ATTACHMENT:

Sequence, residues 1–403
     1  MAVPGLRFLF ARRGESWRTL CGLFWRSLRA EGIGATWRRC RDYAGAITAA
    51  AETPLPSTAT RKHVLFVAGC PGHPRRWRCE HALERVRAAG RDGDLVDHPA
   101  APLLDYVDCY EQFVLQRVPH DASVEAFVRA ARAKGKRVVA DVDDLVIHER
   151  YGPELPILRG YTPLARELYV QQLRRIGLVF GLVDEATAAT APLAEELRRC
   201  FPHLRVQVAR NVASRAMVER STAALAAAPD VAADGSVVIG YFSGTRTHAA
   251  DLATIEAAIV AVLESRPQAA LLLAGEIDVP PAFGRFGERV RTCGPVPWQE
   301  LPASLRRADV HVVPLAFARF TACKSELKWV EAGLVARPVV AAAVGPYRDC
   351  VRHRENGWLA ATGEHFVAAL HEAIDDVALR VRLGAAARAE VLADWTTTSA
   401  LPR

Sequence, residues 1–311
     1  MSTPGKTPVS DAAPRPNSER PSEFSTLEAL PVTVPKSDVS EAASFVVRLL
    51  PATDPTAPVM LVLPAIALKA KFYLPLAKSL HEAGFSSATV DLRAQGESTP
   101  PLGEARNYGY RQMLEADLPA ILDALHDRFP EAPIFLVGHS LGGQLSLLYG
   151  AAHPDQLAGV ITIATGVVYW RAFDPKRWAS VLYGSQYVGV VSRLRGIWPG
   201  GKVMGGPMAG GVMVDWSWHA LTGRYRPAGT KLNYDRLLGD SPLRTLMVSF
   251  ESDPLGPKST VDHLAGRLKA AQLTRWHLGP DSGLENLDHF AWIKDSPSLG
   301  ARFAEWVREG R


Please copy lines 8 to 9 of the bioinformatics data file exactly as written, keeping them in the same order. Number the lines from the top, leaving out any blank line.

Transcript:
   301  LPASLRRADV HVVPLAFARF TACKSELKWV EAGLVARPVV AAAVGPYRDC
   351  VRHRENGWLA ATGEHFVAAL HEAIDDVALR VRLGAAARAE VLADWTTTSA